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Re: L'origine et l'évolution des oiseaux, with a twist

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----- Original Message ----- From: "David Peters" <davidpeters@att.net>
To: "jrc" <jrccea@bellsouth.net>
Cc: <dinosaur@usc.edu>
Sent: Thursday, January 29, 2009 4:28 PM
Subject: Re: L'origine et l'évolution des oiseaux, with a twist

The beauty is, it's never slack. Embedded with chord-wise fibers, so virtually no flagging.

If chordwise and stiff enough to inhibit flagging, they have to function as compression battens like a bat's fingers. I suspect that they don't have significant compression capability due to excessive length/dia ratio. I would expect them to operate in differential tension more like a pterosaur patagium and would expect the distal pattern to be more nearly semi-spanwise than chordwise, again more like a pterosaur.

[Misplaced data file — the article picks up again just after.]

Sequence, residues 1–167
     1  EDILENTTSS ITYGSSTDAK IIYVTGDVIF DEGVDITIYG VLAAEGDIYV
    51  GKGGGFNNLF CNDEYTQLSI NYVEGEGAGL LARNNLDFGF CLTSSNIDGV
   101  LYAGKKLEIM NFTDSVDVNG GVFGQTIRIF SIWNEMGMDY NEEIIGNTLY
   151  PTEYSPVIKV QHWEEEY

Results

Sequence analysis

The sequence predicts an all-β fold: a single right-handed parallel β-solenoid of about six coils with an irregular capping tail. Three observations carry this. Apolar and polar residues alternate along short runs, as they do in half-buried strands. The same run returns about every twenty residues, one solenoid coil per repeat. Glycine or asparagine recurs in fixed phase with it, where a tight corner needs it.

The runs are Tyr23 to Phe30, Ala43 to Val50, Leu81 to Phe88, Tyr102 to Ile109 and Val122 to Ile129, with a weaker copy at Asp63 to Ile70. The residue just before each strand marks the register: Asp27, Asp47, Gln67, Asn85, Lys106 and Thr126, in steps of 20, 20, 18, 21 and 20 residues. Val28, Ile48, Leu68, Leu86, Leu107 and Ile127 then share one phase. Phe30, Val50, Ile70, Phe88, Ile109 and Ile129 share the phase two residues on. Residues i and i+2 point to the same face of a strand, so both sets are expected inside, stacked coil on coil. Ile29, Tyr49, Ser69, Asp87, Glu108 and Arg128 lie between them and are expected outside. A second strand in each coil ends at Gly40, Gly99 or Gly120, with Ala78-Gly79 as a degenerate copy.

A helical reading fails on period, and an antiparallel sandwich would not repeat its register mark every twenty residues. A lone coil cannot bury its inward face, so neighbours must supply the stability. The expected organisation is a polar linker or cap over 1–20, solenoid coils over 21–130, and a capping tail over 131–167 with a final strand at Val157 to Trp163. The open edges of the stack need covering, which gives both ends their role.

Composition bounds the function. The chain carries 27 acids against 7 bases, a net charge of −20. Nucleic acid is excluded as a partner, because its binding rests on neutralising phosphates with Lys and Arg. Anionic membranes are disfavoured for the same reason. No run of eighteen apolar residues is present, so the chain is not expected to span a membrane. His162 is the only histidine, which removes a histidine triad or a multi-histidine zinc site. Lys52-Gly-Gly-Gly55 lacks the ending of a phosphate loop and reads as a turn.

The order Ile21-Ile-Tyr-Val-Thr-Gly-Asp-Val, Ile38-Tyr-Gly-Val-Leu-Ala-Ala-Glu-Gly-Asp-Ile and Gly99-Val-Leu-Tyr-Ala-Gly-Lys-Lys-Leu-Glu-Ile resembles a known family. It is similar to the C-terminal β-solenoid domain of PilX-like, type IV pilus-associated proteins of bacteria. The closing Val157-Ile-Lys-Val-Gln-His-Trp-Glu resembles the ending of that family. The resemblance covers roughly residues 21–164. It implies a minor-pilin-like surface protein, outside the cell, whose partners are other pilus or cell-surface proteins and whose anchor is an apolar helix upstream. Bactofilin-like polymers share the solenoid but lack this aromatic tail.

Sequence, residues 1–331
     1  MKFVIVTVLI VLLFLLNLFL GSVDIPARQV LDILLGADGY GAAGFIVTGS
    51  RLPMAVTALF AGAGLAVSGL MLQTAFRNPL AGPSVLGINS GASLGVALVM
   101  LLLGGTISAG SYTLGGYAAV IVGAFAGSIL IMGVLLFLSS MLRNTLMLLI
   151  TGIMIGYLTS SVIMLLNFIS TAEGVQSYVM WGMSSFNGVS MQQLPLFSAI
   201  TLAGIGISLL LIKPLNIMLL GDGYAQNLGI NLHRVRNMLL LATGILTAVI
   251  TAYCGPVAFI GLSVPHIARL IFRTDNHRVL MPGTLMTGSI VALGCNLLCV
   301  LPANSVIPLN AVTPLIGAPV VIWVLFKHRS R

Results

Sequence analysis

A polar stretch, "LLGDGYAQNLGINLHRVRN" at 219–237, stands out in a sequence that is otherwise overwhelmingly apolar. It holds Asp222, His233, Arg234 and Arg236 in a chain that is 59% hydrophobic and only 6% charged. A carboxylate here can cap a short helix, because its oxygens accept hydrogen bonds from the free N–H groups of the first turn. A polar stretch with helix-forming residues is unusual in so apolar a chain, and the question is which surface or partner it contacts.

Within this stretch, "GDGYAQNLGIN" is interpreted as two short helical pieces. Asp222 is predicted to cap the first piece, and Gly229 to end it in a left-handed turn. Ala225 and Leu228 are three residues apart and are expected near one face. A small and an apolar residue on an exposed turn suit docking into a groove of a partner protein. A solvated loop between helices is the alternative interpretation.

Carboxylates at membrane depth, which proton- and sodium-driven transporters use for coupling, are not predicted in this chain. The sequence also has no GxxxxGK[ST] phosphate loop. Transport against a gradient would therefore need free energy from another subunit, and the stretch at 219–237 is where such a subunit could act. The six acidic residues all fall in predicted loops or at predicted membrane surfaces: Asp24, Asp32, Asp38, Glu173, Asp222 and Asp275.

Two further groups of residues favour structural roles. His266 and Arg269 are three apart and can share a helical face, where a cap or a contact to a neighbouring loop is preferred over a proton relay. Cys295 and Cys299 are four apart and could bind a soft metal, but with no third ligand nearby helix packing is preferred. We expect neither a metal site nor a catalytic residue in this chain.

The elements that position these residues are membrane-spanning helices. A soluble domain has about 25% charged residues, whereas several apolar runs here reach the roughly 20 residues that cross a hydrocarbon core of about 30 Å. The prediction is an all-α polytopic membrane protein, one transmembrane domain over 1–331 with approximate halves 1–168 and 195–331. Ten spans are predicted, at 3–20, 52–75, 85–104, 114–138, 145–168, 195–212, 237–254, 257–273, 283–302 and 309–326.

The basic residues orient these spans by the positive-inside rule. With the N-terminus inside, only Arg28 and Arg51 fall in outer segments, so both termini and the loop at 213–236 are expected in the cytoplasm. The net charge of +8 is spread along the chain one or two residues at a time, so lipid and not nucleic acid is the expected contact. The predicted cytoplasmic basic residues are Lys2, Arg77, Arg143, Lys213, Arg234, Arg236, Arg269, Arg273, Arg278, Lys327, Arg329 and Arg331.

As an aside, a strut with a thickness of about 2 inches
will usually have a chord of roughly about 4 to 6 inches.
For the same drag, struts are a lot bigger than circular

I'm not shooting for similar drag ratios. Simply less drag. And really, drag is not the issue while running in this taxon, not as big a deal, as every step is another unit of thrust. And the >uropatagia become wings when lateral.

I agree with that last sentence. :-)

The key to this thread is long legs (longer tibia than femur) = cursor.

Possible, but not a given.

Not sure about leaping, other than that last arboreal fling before becoming airborne.

Why would you expect them to run to takeoff speed ? Like most everything else that small, it would appear at first blush that they could probably leap to takeoff speed. If so, why do it the hard way.

All sister taxa tracks (Rotodactylus) indicate narrow-gauge, often bipedal, proximal phalanges elevated along with metatarsus-type locomotion.

David Peters davidpeters@att.net